Voters eligible to participate in this year's Republican primary should have already received their ballots, and many of those ballots have been submitted to the county for tally, but that has not stopped a series of late endorsements for candidates …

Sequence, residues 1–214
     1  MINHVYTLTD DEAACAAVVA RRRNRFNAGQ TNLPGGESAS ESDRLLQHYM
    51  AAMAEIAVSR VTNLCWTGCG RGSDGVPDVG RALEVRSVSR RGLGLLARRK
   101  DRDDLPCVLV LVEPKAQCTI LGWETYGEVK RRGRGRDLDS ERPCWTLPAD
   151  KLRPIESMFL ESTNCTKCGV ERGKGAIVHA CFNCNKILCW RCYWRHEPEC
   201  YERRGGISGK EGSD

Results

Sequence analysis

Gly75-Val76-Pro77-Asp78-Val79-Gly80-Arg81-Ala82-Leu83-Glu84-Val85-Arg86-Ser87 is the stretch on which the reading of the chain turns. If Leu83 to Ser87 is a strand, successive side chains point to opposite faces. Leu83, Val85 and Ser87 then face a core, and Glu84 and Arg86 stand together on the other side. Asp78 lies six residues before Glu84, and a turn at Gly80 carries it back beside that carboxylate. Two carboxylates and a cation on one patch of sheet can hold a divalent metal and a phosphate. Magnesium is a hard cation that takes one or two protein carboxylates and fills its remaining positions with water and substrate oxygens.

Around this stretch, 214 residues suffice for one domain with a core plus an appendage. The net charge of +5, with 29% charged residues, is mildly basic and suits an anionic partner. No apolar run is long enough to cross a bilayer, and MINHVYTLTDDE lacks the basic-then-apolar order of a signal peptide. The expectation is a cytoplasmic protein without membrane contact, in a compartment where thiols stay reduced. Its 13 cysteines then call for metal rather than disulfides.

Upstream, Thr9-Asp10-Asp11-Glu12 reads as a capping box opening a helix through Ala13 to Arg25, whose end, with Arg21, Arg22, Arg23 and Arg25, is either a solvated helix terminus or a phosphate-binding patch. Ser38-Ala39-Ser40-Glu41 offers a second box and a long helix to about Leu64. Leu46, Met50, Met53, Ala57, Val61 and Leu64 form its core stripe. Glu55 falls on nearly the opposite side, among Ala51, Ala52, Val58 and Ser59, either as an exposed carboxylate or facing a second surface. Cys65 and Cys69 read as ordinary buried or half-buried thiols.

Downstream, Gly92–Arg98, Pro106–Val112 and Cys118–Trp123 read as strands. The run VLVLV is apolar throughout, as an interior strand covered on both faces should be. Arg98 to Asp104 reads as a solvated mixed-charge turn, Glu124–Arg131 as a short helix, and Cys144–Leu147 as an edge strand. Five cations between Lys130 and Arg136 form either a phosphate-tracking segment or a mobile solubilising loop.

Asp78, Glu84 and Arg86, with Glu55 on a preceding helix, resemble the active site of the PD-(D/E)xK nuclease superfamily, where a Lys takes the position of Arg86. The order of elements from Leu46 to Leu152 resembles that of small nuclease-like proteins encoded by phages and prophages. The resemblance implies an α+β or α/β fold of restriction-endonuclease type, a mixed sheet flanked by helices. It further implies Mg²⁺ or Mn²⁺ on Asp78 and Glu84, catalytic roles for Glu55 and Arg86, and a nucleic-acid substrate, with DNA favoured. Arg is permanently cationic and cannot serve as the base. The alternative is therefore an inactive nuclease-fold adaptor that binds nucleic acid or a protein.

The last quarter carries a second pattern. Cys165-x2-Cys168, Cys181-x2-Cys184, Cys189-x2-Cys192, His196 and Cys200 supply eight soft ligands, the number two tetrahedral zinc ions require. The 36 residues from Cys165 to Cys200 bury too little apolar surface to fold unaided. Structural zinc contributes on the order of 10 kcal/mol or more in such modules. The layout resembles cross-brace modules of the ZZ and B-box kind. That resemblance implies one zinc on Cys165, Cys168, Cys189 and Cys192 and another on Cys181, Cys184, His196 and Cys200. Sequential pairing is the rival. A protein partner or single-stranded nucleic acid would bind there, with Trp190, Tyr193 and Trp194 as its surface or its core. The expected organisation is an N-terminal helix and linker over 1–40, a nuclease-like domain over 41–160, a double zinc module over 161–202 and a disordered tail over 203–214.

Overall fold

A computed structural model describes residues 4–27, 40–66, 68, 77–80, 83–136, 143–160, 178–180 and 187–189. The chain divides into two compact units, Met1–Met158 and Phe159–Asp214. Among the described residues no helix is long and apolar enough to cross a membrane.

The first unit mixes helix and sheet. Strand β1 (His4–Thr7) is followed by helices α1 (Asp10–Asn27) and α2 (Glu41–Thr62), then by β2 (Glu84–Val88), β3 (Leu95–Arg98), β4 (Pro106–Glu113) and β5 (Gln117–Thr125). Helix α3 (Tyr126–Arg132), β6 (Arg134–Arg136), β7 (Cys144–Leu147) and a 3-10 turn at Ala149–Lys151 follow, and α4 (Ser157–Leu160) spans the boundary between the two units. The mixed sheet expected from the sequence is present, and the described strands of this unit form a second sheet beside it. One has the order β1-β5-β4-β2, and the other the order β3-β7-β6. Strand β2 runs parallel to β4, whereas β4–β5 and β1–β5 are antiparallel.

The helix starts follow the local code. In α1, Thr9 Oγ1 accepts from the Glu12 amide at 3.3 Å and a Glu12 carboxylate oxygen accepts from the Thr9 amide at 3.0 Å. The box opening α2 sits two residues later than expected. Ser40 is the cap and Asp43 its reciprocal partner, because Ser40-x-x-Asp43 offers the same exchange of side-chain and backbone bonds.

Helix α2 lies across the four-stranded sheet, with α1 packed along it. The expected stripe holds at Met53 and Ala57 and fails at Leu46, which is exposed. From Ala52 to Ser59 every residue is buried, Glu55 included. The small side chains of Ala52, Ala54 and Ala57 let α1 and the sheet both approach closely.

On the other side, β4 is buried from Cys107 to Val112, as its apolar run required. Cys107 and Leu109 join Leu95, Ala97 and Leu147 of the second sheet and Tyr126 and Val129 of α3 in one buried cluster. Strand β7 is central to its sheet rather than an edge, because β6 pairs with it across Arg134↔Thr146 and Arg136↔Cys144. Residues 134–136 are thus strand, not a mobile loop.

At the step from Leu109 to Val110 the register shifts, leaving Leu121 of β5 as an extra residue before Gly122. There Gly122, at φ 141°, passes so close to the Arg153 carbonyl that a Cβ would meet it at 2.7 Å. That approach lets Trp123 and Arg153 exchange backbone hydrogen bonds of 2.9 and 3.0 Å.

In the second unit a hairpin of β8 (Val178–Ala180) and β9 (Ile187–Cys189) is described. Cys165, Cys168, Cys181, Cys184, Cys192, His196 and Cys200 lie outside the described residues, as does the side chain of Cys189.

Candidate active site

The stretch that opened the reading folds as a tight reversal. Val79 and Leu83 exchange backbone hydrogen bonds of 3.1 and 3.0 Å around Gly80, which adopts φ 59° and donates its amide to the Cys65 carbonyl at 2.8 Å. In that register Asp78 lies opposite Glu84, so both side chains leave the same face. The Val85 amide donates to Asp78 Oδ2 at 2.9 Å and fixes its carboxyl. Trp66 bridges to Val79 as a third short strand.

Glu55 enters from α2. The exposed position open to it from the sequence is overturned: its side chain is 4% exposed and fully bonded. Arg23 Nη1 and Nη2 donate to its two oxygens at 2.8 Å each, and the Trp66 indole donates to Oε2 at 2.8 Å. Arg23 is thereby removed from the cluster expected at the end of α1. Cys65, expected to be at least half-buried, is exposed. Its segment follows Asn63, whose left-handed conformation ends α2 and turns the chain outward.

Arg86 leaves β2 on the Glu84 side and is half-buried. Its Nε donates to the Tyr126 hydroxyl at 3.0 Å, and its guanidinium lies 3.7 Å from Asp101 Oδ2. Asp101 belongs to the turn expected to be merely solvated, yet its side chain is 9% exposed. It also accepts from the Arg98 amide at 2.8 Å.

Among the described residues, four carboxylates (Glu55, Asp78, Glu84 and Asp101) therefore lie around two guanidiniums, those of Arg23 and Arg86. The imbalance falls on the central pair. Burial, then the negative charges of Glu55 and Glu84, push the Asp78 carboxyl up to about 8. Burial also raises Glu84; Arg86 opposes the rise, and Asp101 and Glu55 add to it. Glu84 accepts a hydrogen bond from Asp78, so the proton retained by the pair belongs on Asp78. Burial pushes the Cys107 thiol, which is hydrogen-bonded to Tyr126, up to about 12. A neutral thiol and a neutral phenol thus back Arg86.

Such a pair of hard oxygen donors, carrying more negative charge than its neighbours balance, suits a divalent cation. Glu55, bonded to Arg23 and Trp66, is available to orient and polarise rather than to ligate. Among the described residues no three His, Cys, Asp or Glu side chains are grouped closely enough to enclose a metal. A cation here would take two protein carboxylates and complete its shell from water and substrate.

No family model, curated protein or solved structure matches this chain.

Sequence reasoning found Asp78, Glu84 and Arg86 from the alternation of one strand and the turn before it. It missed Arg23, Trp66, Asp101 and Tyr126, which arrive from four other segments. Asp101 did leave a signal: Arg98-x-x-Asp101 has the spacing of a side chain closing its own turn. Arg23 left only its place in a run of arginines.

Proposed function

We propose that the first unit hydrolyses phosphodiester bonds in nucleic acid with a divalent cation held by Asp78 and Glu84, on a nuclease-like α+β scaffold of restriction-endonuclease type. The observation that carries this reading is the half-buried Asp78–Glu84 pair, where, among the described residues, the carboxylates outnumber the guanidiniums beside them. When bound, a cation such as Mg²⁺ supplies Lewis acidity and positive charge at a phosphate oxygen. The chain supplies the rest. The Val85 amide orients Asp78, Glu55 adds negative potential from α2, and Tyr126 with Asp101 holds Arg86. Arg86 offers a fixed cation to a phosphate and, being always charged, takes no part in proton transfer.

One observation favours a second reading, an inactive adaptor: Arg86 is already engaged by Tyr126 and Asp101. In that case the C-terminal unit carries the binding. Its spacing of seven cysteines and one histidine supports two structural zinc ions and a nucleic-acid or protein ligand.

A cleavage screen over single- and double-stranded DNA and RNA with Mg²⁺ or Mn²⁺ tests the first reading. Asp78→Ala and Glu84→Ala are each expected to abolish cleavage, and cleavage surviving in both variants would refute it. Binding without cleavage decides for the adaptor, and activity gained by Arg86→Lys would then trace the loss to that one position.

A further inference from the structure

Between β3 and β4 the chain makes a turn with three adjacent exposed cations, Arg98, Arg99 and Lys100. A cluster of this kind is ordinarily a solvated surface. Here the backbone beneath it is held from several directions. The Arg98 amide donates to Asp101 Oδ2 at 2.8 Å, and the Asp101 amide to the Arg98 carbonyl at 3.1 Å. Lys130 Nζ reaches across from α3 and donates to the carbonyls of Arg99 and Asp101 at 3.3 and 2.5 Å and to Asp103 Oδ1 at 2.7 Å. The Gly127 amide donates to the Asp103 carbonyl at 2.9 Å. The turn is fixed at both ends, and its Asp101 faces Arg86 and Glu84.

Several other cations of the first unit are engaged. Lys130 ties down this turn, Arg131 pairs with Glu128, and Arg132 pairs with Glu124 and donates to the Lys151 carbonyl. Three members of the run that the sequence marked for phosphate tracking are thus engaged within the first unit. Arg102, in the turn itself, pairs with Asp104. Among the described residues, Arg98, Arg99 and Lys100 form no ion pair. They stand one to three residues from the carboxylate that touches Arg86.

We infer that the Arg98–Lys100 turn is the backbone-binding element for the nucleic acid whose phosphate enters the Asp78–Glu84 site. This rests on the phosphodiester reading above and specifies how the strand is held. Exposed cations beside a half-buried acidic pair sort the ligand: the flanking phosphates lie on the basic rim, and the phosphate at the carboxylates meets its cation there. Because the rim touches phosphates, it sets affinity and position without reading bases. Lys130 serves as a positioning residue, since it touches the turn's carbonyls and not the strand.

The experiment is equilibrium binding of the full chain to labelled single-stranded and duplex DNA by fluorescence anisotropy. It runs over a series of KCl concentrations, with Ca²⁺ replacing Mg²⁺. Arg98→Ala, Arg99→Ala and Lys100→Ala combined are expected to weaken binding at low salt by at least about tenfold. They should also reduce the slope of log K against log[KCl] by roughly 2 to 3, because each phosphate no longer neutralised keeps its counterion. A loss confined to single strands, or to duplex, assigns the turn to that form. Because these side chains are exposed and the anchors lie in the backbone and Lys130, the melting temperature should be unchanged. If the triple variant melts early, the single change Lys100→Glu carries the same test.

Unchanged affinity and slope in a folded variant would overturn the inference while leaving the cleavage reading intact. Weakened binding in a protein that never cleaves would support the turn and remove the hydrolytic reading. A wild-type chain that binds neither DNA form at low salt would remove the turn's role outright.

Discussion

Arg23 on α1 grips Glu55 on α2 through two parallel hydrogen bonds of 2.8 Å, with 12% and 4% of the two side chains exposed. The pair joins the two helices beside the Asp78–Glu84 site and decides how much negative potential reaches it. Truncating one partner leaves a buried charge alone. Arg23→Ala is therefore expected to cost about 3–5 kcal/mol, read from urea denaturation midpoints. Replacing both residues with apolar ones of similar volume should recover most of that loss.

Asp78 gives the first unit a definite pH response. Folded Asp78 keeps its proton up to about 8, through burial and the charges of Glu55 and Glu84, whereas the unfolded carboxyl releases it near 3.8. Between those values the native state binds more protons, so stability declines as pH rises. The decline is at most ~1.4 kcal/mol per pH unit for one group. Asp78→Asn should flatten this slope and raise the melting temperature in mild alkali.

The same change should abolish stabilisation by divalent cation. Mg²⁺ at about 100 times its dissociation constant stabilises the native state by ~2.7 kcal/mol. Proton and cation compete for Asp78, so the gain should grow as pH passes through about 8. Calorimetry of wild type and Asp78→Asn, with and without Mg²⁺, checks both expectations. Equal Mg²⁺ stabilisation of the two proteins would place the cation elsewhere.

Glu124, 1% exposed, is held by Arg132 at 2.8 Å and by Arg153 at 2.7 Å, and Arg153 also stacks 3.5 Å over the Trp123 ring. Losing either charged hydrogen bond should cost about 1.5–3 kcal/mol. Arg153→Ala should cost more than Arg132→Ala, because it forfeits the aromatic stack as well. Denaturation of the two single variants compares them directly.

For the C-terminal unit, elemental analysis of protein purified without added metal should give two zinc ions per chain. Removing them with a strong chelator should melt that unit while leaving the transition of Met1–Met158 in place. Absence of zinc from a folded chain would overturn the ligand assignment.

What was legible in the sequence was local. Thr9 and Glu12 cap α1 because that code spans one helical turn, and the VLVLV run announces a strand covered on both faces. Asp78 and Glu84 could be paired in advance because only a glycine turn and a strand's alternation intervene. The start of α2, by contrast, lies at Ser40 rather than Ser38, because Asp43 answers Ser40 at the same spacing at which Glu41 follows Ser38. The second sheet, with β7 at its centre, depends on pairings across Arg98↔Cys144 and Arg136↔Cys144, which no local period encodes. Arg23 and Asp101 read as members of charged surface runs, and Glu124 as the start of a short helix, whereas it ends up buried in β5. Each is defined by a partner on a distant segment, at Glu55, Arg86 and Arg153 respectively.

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Voters eligible to participate in this year's Republican primary should have already received their ballots, and many of those ballots have been submitted to the county for tally, but that has not stopped a series of late endorsements for candidates in the race for Colorado's District 64 House seat.Possibly one of the biggest late calls for support came from Colorado's 4th District Congressman Ken Buck, who endorsed Kimmi Lewis' challenge to incumbent Rep. Tim Dore on June 10.In a letter to voters, Buck praised Lewis for her constitutional conservativism, describing her as a grassroots conservative who will have a strong voice for Colorado values in the State House.“Ordinarily, most congressmen would not weigh in on a state House Republican primary, but Kimmi Lewis is not your ordinary candidate,” wrote Buck. “Never wanting to run for office herself, Kimmi Lewis has spent her adult life raising a family, running her cattle ranch, and volunteering her time to maintain our way of life in Eastern Colorado.”In another late endorsement, Chuck Sylvester, retired general manager of the National Western Stock Show and Rodeo, also endorsed Lewis.Lewis has not previously held public office, but has been active in local issues including as founder and past president of the Colorado Independent CattleGrowers Association, a past president of the Arkansas Valley Cattlewomen, and the National Private Property Rights Chair for R-CALF USA for three years.Lewis was also instrumental in achieving a funding ban that stopped the Department of Defense's eminent domain expansion of the Pinon Canyon Maneuver Site.Dore is not without his own list of heavy hitters standing with him in the June primary. According to the Dore campaign, Congressmen Bob Beauprez, Scott Tipton and Mike Coffman are just a few supporting Dore's bid to hold on to his seat.Dore was also recently endorsed by the Colorado Cattlemen's Association on June 17 following the Red, White, and Beef convention.“Colorado's beef industry is a significant part of Colorado's economy, heritage, and future. Rep. Dore's support of our industry is appreciated and has not gone unnoticed,” the CCA statement read.“I think for people who live in House District 64, the agricultural industry, especially the cattle business, are very vibrant and varied,” said Rachel Spencer, spokesperson for Dore. “To me, the endorsements by the Colorado Farm Bureau and the Colorado Cattlemen's Association carry a lot of weight.”Dore won election in 2012 and ran unopposed in 2014's primary and general election. He is currently serving his second term as House District 64 representative and is working on bipartisan legislation with Rep. Dominick Moreno, a Commerce City Democrat. “The Primary Participation Act” if passed would bring presidential primaries back to Colorado.Dore currently sits on the Agriculture, Livestock, & Natural Resources Committee, the Appropriations Committee, and Legal Services Committee.
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